NBI heads probe of detached MRT-3 car
The National Bureau of Investigation will be in charge of the probe of an Metro Rail Transit-3 (MRT-3) car which got detached from the two front cars on Nov. 16, leaving around 140 passengers stranded on the tracks.
In a statement on Sunday, Transportation Undersecretary for rails Cesar Chavez said the NBI special action unit led by lawyer Joel Tovera “[would] lead the investigation on the decoupling incident of the Light Rail Vehicle #68 from Index (train) #5, and the missing Messma Card, commonly referred to as the black box of the LRV.”
The third car got detached from the train on the northbound tracks between the Ayala and Buendia stations. No passengers suffered injuries although they were forced to alight from the car and walk on the tracks toward Ayala station.
The incident also prompted the MRT-3 to suspend operations for about 30 minutes.
Based on the initial investigation of MRT engineers and technical experts, the train car could have been decoupled through electrical or mechanical means.
According to the train driver, the “communication error” icon for the third car lit up on his display panel but he was told by the MRT control center to proceed to the Buendia station where he found out he was pulling just the first two cars.
The MRT said its vehicles were equipped with fail safe mechanisms that would stop a train right on the tracks in the event of a decoupling incident.
The human intervention angle came up after the Messma or black box was found missing.
Chavez said he met with Tovera at the NBI office in Manila for two hours. Present during the meeting were MRT director for operations Mike Capati, MRT safety and security unit chief Willy Serano, his assistant Jess Duque, and lawyer Dona Samson from the Department of Transportation office of the undersecretary for legal affairs.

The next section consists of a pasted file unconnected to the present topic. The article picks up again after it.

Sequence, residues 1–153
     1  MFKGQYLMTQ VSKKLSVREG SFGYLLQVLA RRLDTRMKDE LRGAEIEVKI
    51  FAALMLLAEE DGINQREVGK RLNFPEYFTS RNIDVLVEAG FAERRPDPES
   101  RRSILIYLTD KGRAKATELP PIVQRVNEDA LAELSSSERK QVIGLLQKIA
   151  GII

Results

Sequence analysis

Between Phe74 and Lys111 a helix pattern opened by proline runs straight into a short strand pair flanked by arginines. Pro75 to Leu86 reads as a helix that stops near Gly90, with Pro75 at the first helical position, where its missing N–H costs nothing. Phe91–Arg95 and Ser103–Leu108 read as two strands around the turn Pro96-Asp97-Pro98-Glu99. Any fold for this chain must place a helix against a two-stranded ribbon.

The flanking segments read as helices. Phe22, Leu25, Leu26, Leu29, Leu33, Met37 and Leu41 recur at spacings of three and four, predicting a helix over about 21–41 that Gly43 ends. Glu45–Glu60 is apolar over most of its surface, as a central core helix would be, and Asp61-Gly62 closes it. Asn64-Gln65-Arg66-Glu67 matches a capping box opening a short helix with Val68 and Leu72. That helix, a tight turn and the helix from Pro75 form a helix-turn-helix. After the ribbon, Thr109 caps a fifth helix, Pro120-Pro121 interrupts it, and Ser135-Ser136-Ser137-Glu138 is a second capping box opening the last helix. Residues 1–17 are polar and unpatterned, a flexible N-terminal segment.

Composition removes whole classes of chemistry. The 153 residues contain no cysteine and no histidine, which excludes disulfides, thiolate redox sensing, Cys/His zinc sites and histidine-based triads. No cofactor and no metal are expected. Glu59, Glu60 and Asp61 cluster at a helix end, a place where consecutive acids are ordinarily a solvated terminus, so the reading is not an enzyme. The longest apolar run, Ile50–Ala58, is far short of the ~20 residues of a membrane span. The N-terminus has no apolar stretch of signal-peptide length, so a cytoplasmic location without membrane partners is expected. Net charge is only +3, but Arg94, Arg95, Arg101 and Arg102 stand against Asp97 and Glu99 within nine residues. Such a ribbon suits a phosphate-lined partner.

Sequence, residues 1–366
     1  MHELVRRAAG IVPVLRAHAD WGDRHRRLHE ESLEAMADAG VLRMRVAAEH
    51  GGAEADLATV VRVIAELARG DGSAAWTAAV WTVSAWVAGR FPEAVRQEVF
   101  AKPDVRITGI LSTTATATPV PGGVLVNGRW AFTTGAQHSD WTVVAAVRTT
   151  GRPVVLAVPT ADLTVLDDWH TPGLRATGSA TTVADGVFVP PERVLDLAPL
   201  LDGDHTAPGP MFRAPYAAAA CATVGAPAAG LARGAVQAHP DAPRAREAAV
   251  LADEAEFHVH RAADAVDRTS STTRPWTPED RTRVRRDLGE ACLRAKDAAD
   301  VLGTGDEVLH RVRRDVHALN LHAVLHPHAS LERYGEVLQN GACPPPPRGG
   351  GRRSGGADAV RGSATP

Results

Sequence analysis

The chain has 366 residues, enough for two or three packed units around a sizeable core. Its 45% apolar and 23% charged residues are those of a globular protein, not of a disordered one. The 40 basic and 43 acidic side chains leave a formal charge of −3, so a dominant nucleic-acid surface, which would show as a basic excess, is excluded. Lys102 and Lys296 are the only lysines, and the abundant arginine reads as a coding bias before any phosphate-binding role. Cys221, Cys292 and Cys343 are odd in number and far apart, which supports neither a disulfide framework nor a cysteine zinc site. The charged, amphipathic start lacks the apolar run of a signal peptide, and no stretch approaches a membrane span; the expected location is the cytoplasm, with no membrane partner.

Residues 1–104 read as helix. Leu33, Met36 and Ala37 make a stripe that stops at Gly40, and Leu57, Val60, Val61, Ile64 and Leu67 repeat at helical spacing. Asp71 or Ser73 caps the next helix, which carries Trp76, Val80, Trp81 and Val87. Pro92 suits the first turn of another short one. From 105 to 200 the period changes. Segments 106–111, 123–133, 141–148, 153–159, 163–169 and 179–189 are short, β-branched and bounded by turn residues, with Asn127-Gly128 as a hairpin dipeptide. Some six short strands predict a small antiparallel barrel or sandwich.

DOTr, MRT hands-off probe
“I conveyed to NBI the message of Secretary Art Tugade that DOTr and MRT [would] fully cooperate in this investigation. We thank the NBI for immediately forming a team of investigators. DOTr and MRT will no longer make any statement regarding the investigation. This is already in the hands of the NBI. If there is a statement, they will be the ones who will give it in the coming days,” Chavez added.
On Saturday, President Rodrigo Duterte offered an apology to the public, saying the missing Messma card had raised suspicions of sabotage although this was “not an excuse” for the incident.
“It would indicate sabotage or something did it intentionally. So maybe the connecting mechanisms there or equipment seems to be—it could not be found or it’s not there when it’s supposed to be there,” he said.
“Well, that is one angle that they are trying to… But this does not—this is not an excuse actually,” he added.
“We offer no excuse, but apologies maybe to the public for the inconvenience caused,” Mr. Duterte said.
Chavez on Thursday said initial findings showed that the Messma card of the decoupled train was missing. The card, which functions like an airplane’s black box, records all interventions done on a train.
“Who has the capability to remove the black box?” Chavez said in a text message to reporters. “Is the motive simply to cover up the mistake of the train operation of [the decoupled cars] or part of an effort to sabotage the entire operation?” he added.
The MRT-3 ferries almost 500,000 passengers a day.
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